By Alejandra Enciso Guzmán
Playwright Sheri Wilner was intrigued by a 2006 article she read in The New York Times about a controversial high school theatre department in a small Missouri town. She explained her impressions of the article during an interview with San Diego Free Press, how it triggered her play “Kingdom City” which opened with a world premier at The La Jolla Playhouse on September 4th.
“The article talked about how ‘Grease’ created some controversy in the school. And the next play that was being done was ‘The Crucible’; the principal was worried that that might cause controversy too, so he preemptively cancelled the play. I consider ‘The Crucible’ a masterpiece, I think it is one of the most important plays ever written. But if it where my 14 year old niece in the play, it becomes a different story. That was the fear I could understand.”
Wilner also explained that her play “Kingdom City,” directed by Jackson Gay, illustrates two sides of a culture war. “I tried to take the other person’s side and make the character that represents my point of view and show how each side would take this kind of battle. My goal was to write it as even [handed] as possible.”
The plot centers around Miriam, a displaced New York theatre director who finds herself in Kingdom City, Missouri. She reluctantly agrees to direct a high school production of “The Crucible,” Arthur Miller’s fictionalized drama about the Salem witch trials. As the school’s production unlocks the students’ repressed desires, a local youth minister threatens to cancel the play, creating a firestorm in the small conservative town.
“Miriam is very urban, liberal and from the world of the theatre and the principal of the school, living in Missouri, is conservative and evangelical… Part of my point was that these cultural wars are really about personalities. The kids in Kingdom City never get to do ‘The Crucible,’ but during a purity ceremony (that does not go well) they end up reciting words from it.”
“Everybody is evangelical about something”
“Kingdom City” presents a touchy and interesting subject for San Diego. It is interesting to see how audiences have been reacting to it as a reflection of this city’s own conservative tint. “Everyone is evangelical about something. I am evangelical about theatre and my liberal politics. It is interesting the people sort of recognizing how it sounds when you are so steadfast in a point of view. Liberals can be just as judgmental as conservatives can be. I really hope people come out and see the play.”
During this last week of “Kingdom City”–the play closes on Sunday, October 5th– the Sheila and Hughes Potiker Theatre will hopefully be at capacity because it is a play well worth seeing. Each piece of theater resonates differently in everybody. That is the beauty of the performing arts. Wilner’s work touches upon three themes: teaching, religion taken to the extreme and the power of theatre.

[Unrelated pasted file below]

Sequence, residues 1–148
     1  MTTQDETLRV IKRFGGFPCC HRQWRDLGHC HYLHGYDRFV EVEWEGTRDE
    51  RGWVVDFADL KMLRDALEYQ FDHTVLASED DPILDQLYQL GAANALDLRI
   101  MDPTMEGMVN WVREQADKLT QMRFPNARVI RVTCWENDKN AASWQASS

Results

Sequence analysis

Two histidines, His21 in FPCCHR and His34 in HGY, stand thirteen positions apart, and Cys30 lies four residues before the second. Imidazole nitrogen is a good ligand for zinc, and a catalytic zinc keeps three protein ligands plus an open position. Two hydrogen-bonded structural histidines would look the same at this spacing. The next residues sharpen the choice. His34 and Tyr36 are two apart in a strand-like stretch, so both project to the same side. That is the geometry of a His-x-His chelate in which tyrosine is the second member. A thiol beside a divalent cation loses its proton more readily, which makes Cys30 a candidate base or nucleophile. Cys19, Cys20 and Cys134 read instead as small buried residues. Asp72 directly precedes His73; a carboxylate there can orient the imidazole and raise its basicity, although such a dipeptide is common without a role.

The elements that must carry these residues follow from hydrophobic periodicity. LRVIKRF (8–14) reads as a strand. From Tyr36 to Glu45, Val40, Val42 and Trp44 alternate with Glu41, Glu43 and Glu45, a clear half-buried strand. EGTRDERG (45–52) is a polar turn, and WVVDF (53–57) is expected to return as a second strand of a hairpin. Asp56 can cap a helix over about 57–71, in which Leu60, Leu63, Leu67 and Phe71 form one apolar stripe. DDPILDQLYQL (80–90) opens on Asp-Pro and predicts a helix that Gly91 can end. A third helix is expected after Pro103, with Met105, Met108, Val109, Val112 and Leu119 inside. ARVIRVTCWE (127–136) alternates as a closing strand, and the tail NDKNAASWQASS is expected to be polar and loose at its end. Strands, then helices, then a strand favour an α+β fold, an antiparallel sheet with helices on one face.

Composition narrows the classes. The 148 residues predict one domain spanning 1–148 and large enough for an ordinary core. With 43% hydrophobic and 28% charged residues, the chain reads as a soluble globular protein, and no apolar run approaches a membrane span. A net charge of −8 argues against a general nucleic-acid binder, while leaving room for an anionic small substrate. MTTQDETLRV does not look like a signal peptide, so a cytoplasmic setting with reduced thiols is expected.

The play explores how far of a reach a teacher’s lessons can have, the way they can influence a student to continue seeking answers and grow. It reveals how confusing religion can be when taken literally and to the extreme, instead of as a spiritual guide that changes as well with time and growth. It ultimately reveals how theatre can change the perspectives of audience members who sit down and watch the play. This unique form of human expression on the stage can help us understand (as well as question) aspects of life.
Wilner is very pleased with Jackson Gay’s direction of her work. “She is amazing. I was just watching her in action. It is a very detailed work with the actors. Everyone really understands what they are saying and the journey they are on. Every single line gets discussed.”
It has taken seven years to get to this point and Wilner is happy to hear the lines that have been “rattling in her skull’”out loud. “The production values are so high, I mean just the props. When you see something come out that was just a word on a page, it is really incredible. Everyone dreams; and it’s like one day a dream that you had starts happening in front of you. Three-dimensional. Outside of my head.”
Wilner is looking ahead to broaden the play’s audience, exploring other stages like New York where she is currently based. She is also a Visiting Professor in Playwriting at Florida State University’s MFA Dramatic Writing Program in Tallahassee. “The Playwrights Development Program selects three playwrights to work with‘a master playwright and I always have trouble calling myself ‘a master playwright’. We meet several times a year over the course of two years.” She will be headed there at the end of the month and is also working on her next play. “All my plays come about in where I am in life. I am 45 right now so, it is kind of a life transition about being in your forties.”
Wilner has also taught playwriting at the Primary Stages Einhorn School of Performing Arts in New York and has conducted playwriting classes and workshops at University of California, Santa Barbara; Cornell University; University of Minnesota/Guthrie Theater BFA Actor Training Program; and Whitman College.
“Kingdom City” will have performances Tuesday thru Sunday October 5th. For more info on these click here. Tickets start at $15 dollars.
Editor Note: The article was corrected to reflect that Arthur Miller is the author of “The Crucible” and not Henry Miller, as originally stated.